NEW YORK, July 24, 2014—Mad. Sq. Art, the free, contemporary art program of the Madison Square Park Conservancy, announces its Fall and Winter exhibitions featuring commissioned artworks made by internationally renowned sculptor Tony Cragg and New York-based visual artist and landscape designer Paula Hayes.
Tony Cragg’s Walks of Life consists of three monumental bronze sculptures on three lawns in the Park. Cragg’s exhibition will be on view from September 18, 2014 through February 8, 2015.
Paula Hayes’s first outdoor sculpture exhibition in New York City will be on view throughout the Park from February 19 to April 19, 2015. Gazing Globes features eighteen crystal balls that hold the detritus of contemporary culture, including used batteries, computer parts, and other remnants of technology sprinkled with fairy dust made of pulverized CDs.
Brooke Kamin Rapaport, Martin Friedman Senior Curator, Madison Square Park Conservancy, said, “With the launch of our fall and winter exhibitions by Tony Cragg and Paula Hayes, Mad. Sq. Art is confirming this period of stylistic polyphony in contemporary outdoor sculpture. Cragg creates monumental work in bronze—a medium with a storied history—with a fluidity that pushes the very properties of that material. Hayes, by contrast, uses the residue of technology for the contents of her gazing globes.”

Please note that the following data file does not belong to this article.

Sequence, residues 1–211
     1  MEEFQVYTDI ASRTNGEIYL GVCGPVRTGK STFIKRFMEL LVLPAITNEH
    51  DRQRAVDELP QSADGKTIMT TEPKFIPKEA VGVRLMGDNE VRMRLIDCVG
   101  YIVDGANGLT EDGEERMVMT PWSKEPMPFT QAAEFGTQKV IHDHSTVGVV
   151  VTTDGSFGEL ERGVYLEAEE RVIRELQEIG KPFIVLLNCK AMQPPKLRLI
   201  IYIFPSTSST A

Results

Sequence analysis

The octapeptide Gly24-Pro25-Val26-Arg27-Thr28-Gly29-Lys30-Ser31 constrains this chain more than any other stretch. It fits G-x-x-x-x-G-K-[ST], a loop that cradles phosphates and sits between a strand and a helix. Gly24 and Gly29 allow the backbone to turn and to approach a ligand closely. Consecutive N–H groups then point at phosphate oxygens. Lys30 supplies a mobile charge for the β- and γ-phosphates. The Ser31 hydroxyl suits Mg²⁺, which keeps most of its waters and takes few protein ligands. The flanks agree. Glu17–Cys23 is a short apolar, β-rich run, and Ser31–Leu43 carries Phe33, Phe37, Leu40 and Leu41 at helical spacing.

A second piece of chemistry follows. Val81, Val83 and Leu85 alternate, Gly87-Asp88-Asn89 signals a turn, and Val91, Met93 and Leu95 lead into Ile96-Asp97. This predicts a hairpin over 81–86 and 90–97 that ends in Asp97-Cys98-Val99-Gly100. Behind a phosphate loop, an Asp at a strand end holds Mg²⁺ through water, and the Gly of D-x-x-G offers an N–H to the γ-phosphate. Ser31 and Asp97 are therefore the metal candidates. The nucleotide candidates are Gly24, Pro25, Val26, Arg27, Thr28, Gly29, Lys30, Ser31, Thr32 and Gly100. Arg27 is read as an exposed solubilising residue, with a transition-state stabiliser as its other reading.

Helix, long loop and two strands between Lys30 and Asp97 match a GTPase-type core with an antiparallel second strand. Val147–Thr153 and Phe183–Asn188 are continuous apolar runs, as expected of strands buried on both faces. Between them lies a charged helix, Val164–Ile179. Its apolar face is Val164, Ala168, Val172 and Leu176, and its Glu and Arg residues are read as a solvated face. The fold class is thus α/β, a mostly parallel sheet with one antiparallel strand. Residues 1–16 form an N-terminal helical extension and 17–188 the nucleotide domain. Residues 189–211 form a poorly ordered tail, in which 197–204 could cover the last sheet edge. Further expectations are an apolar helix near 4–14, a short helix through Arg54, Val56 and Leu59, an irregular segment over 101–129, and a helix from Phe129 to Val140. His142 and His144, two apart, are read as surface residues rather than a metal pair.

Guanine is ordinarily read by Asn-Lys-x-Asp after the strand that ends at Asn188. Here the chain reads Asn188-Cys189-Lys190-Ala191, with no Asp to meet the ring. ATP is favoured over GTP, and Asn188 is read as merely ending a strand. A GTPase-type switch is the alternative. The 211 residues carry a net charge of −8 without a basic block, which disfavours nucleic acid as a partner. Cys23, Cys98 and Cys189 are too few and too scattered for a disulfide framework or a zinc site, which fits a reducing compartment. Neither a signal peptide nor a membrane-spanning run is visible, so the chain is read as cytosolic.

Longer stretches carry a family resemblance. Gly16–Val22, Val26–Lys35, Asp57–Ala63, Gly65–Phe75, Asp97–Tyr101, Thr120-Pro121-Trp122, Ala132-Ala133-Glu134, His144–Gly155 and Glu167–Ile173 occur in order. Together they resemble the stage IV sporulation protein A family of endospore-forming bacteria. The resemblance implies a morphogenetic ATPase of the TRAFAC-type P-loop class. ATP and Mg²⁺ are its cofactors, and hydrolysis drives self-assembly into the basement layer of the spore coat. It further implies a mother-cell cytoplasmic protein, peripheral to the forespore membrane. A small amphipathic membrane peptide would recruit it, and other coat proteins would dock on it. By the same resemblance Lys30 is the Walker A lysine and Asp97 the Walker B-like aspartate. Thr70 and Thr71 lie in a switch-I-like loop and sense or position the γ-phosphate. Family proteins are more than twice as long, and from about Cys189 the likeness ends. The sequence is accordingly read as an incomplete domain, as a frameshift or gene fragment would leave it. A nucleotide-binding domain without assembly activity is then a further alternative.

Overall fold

Tony Cragg’s work supplants any longstanding art historical division between abstraction and figuration: his sculptural innovation is to fuse both styles in one work and to make bronze into a malleable material. Cragg’s sculpture is characterized by repeated facial profiles and torqueing imagery that reshapes the experienced world. These forms intermingle to create vital objects where contours shift and morph, provoking the viewer to differentiate between a work of humanism and a work of dynamism.
In an interview, the artist said: “I think that sculpture is a kind of sensitizing activity and that it has a role in being a catalyst that may lead to more sensitive thinking. It’s a materialist’s tool, which I would hope would also lead to a more open-minded approach to the world around us.”
Installed on the west gravel section of the Park, Cragg’s Caldera is a strapping, tumultuous sculpture that rests on three points. Viewers will have the opportunity to walk beneath the work to experience its massive presence. At eighteen feet high, Mixed Feelings will command a northern lawn. Three times human height, the object is simultaneously immense and elegant. Points of View is a tripartite work of sinuous forms which interact with one another and with the viewer on the Park’s Oval Lawn. Facial profiles zig and zag across each column’s surface. All three sculptures in this exhibition were cast specifically for Madison Square Park.